Wednesday, 6 March 2013

On the Mat Day 347: Feeding the Ape

"We choke each other and bend joints the wrong way."

Anyone hearing that description of Brazilian Jiu Jitsu is sure to run the other way.
I'm constantly offering people around me a chance to come train at our club and to just try it.
My offer is often met with a shifty look and a quick exit.

But doing jiu-jitsu is more than this. If you peel back the layers, it is a method of staying healthy, both in body and mind.
It used to be that people lived in tribes and communally gathered to wrestle. Look at the Greeks, the Gauls and Africans. Even the county I was born has its own form of wrestling that shares rules with Scotland. Obviously, this communal combat built strong bonds and character among the participants. Fast foward centuries and now males on this planet have very little outlet for the stress they have to deal with from work, family and monetary worries. They buy cars, new gadgets and nice clothes but still feel unfulfilled. That's because they don't feed their basic self, the ape within them, they don't allow time for playing of which grappling is one of the most purest forms.

So now my rant is over, I can say that training last night was fun. I am trying to be less power, more technique which is hard to do. I often get side tracked with my goals. Do I want to improve stand up or my guard? I think to truly learn standup I need to go to a Judo or Wrestling school and take a lot of knocks. It's probably in my best interest to keep to guard work at BJJ class because I feel I am losing ground versus the passing ability of everyone at the club. I think I'll look around for somewhere near my home to train judo/wrestling at least once or twice per week time permitting. I know Yuuki who trains with us also trains with High School Judo and he has become very strong on his feet since doing it.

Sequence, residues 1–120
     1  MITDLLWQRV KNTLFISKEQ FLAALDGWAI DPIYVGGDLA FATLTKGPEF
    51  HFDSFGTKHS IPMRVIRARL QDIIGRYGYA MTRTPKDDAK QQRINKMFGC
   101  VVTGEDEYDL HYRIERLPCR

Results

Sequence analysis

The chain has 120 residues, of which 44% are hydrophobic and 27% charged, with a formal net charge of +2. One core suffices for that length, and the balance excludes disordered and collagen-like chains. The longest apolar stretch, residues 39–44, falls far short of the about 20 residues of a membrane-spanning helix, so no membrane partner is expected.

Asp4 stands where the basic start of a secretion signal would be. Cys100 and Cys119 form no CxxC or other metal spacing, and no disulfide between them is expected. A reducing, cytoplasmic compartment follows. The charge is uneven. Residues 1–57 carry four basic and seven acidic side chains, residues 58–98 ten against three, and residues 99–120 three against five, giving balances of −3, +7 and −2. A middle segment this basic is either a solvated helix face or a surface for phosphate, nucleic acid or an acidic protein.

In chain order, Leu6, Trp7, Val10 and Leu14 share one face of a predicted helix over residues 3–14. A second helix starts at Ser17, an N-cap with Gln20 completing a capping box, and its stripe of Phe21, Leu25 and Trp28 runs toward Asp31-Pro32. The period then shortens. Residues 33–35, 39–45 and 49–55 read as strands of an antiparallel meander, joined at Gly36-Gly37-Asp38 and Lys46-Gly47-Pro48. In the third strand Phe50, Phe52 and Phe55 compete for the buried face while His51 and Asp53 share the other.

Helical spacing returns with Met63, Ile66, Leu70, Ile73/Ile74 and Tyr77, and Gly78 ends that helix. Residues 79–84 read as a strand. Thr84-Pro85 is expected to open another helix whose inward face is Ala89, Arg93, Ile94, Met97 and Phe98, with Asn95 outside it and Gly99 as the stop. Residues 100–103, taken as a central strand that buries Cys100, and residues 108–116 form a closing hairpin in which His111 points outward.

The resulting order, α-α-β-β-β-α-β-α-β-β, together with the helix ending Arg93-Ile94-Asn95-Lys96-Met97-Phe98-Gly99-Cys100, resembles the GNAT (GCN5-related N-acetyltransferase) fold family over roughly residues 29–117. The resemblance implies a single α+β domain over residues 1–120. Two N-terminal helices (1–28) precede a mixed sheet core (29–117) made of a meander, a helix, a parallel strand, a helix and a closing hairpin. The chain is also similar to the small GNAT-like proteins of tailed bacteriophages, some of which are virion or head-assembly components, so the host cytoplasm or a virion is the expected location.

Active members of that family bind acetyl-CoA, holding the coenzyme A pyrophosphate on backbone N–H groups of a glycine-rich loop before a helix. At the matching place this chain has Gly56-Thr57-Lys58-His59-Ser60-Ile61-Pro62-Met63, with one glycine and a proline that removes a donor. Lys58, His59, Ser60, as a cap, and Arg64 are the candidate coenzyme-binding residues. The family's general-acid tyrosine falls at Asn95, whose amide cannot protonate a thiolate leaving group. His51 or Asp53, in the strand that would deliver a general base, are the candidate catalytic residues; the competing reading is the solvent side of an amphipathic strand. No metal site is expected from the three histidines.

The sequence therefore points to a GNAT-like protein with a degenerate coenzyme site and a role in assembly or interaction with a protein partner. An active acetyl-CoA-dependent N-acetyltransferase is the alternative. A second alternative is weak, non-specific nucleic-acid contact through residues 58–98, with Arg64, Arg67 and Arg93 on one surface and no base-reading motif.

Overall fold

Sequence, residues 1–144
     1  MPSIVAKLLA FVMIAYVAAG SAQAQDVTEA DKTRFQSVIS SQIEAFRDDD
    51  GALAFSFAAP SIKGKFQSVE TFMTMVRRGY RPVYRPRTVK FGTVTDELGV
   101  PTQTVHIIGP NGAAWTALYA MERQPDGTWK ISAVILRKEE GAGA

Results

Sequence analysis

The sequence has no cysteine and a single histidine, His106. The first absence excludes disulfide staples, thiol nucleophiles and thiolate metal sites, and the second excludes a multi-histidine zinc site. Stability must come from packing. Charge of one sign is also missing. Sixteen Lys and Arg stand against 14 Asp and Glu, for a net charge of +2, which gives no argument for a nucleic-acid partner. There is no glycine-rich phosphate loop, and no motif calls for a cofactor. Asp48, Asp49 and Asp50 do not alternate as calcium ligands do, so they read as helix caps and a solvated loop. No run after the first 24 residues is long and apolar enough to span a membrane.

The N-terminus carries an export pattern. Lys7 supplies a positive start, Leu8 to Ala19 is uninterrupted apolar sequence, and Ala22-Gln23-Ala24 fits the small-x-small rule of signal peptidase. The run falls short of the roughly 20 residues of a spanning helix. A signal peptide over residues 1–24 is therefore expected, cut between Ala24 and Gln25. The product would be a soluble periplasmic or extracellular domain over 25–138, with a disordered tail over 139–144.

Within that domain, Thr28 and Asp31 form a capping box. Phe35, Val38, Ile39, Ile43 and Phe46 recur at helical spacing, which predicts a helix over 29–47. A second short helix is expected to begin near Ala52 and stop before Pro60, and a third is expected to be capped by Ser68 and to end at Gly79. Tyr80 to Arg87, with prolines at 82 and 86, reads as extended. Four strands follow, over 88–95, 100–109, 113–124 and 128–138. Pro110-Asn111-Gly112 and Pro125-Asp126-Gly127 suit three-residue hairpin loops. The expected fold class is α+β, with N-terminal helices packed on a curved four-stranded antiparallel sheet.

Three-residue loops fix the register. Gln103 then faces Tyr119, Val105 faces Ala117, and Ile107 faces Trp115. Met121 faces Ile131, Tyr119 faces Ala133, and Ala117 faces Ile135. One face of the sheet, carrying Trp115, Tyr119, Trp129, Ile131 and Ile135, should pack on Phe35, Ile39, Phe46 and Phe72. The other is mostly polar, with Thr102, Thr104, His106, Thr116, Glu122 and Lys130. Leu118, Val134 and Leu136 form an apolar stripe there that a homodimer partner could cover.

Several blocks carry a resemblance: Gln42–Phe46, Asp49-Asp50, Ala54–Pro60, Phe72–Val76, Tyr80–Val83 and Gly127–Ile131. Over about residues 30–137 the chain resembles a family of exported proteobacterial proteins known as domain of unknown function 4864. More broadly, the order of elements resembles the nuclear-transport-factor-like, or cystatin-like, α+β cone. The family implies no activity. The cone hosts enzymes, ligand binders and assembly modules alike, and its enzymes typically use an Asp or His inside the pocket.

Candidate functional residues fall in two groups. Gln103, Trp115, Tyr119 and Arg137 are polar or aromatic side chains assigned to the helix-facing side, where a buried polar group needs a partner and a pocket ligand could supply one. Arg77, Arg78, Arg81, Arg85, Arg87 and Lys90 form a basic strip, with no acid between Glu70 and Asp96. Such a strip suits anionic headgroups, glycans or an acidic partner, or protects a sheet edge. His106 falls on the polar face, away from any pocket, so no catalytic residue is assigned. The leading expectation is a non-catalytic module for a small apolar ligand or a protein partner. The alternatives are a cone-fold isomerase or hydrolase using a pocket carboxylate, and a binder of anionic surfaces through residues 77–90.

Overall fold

Areas to improve:
  • Arm bar from mount taught by Shawn Williams (my arm placement after the pushup was wrong)
  • Choke defense (I must not let that 2nd hand get in my collar no matter what)
  • Back takes (I allow the opponent to turn into me when I try to pull them down, probably not getting enough grip with both hands on their belt)

Sparring time: 7 x 6 mins = 42 mins

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